(photo credit: DUDI HASSON)
This year’s musical offering takes in a largely classical music-based program, with some literary synergies, a smattering of ethnic material and a rock spot. Jazz fans will be disappointed to note that festival artistic director Itzik Jolie – a theater director and playwright – has dispensed with the genre entirely.
Jolie’s principal line of artistic thought is very much front and center in the June 2 Hours of Freedom: The Story of the Terezín Composer multidisciplinary work, which is based on material written by 15 Jewish composers incarcerated at the Terezín concentration camp. The concert includes film and narration with excerpts of selected works by Viktor Ullmann, Gideon Klein, Zigmund Schul, Pavel Haas, Rudolf Karel and 10 others, who were considered the natural successors of the renowned Czech composers. Most of the works that will be performed were the last ever composed by these young artists, who were in their twenties and thirties when they were sent to their deaths. American conductor Murry Sidlin will preside over the live onstage proceedings, which take in the efforts of actress Sharon Hacohen Bar, pianist Philip Silver, the Fama String Quartet from the Czech Republic and musicians from the Jerusalem Academy of Music and Dance.
There is another Holocaust connection, in an intriguing confluence between acclaimed American cellist-composer Sonia Wieder-Atherton, in the Odyssey production based on the cellist’s eponymous composition, and texts by writer and Holocaust survivor Aharon Appelfeld.
There are some charming extramural classical music offerings at the Eden-Tamir Music Center in Ein Kerem. The three-concert Symphonic Piano Series will feature works by Liszt, Stravinsky, late 19th-early 20th century French composer Paul Dukas, Beethoven and Ravel, performed by the likes of the Tami Kanazawa-Yuval Admony Duo, Michael Zartsekel, Dror Semmel and Ron Trachtman.
The country’s multicultural core will resonate in the May 31 Jerusalem Theater collaboration between the Jerusalem Symphony Orchestra and the Mendi Rodan Symphony Orchestra of the Jerusalem Academy of Music and Dance.
The concert, which will be conducted by Eitan Globerson and Michael Wolpe, features fusions of Yemenite folk song and contemporary classical music, as well as numbers made famous by Yemenite-born diva Shoshana Damari and iconic Lebanese singer Fairuz.
Rock fans who like their music seasoned with some ethnic flavoring will be happy to see the inclusion of guitarist-vocalist Dudu Tassa and his Kuwaitis band. For some years now, Tassa has been recording and performing his contemporary takes on music written and performed by his grandfather Daoud al-Kuwaiti and great-uncle Sallah al-Kuwaiti. Tassa’s nine-piece band will be joined on June 4 by pop singers Yehudit Ravitz and Mira Awad.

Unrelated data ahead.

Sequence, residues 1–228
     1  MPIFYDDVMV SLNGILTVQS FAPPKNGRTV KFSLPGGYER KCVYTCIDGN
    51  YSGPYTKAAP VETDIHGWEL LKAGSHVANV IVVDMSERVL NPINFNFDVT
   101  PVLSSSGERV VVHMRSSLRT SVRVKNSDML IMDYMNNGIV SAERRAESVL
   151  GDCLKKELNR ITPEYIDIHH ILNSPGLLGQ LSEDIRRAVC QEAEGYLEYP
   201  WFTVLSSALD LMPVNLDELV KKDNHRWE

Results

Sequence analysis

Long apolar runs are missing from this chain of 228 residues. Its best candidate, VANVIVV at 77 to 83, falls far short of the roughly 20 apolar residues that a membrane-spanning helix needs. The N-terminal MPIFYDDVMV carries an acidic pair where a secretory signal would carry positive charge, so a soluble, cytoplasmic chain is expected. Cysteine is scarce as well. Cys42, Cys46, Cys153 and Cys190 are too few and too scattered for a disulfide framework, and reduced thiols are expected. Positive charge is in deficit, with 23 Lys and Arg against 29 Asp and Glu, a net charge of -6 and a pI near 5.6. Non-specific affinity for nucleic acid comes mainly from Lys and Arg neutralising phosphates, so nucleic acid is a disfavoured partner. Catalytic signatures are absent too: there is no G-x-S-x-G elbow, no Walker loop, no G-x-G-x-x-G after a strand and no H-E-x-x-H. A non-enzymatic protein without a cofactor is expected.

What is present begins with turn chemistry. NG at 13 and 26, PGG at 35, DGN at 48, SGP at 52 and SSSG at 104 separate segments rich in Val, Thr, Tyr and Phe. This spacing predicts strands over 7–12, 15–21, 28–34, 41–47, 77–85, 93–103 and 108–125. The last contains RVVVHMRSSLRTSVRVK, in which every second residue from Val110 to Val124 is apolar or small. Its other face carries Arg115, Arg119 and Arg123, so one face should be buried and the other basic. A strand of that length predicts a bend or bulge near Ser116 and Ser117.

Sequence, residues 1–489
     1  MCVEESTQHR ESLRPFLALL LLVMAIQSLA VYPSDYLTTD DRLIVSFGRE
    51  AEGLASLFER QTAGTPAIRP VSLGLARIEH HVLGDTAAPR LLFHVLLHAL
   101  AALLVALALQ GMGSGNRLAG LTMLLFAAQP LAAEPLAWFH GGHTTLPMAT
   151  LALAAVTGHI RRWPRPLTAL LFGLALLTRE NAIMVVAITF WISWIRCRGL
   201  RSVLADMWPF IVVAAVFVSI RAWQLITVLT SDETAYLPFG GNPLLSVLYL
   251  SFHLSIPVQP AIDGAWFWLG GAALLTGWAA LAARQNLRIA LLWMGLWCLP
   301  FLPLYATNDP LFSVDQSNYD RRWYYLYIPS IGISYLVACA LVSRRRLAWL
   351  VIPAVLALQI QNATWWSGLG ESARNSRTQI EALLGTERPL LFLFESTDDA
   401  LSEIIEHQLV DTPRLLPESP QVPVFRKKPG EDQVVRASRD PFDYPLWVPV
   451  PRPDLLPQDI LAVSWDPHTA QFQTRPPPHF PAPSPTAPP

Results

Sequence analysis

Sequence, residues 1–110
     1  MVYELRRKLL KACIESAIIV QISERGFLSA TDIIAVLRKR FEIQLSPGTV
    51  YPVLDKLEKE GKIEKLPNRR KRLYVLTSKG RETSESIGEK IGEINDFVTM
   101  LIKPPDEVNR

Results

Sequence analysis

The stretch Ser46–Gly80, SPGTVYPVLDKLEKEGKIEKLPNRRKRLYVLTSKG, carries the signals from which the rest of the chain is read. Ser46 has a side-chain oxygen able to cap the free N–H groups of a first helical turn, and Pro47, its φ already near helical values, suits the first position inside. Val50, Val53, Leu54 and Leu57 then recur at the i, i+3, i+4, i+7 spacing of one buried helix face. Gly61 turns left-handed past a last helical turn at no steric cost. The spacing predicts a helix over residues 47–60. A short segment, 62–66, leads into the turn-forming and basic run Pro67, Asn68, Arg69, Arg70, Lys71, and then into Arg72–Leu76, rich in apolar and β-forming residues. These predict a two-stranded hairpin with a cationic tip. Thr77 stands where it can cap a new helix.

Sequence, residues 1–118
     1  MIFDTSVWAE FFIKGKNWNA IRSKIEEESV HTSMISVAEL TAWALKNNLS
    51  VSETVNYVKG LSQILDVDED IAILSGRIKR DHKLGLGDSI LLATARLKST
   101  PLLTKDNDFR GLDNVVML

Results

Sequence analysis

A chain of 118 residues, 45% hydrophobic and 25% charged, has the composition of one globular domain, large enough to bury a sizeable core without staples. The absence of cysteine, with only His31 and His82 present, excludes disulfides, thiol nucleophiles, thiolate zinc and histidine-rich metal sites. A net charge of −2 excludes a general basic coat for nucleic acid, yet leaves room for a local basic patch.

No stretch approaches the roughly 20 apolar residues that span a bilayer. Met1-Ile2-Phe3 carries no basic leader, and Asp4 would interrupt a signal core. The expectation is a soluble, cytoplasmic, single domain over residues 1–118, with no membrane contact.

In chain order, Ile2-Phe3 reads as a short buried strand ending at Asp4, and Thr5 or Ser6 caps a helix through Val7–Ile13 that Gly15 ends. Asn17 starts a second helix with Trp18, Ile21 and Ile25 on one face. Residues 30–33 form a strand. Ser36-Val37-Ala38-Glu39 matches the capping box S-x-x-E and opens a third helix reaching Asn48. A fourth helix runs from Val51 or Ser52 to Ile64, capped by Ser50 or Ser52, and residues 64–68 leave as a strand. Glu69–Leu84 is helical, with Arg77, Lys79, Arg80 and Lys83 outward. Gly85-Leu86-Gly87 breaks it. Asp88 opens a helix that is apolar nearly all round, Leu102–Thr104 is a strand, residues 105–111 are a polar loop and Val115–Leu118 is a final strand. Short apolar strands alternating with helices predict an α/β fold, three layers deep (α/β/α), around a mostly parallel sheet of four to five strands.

Rock fans of more mature vintage should be happy with the tribute to seminal 1980s Israeli new wave band The Clique at the Yellow Submarine on May 26. The lineup for the occasion includes five leading indie acts – Vaadat Charigim (“Exceptions Committee”), Hamasach Halavan (“White Screen”), I Was a Bastard, Aviv Mark and HaNetzach (“Eternity”), and Hila Ruach, who will play new arrangements of songs by the Clique as well as their own original material influenced by the band.
Literature and music also combine, with added theatrical endeavor, for the Breaking the Lines slot at Zappa Jerusalem on May 27. The disciplinary crossover show features poets Ronny Someck, Haviva Pedaya and Dory Manor who will share creative encounters with The Tziporela Ensemble thespian group, rocker Dikla and rock-pop singer-pianist Shlomi Shaban. The show also includes some verbal tete-a-tetes that look at such topics as the interface between songwriting and composition, mysticism, love and poetry.
Elsewhere the Castle in Time Orchestra will dish up a high-energy offering of classical music filtered through indie and electronic sounds, while playwright-actress Nava Frenkel will join forces with actor-musician Yoni Silver, dancer Shani Granot and musician Guy Scharf in an intriguing tribute to legendary left-field blind composer, musician and poet Louis Thomas Hardin, better known as Moondog, who was a fixture on the streets of New York City in the 1940s-1960s, wearing a cloak and a Viking-style helmet with horns.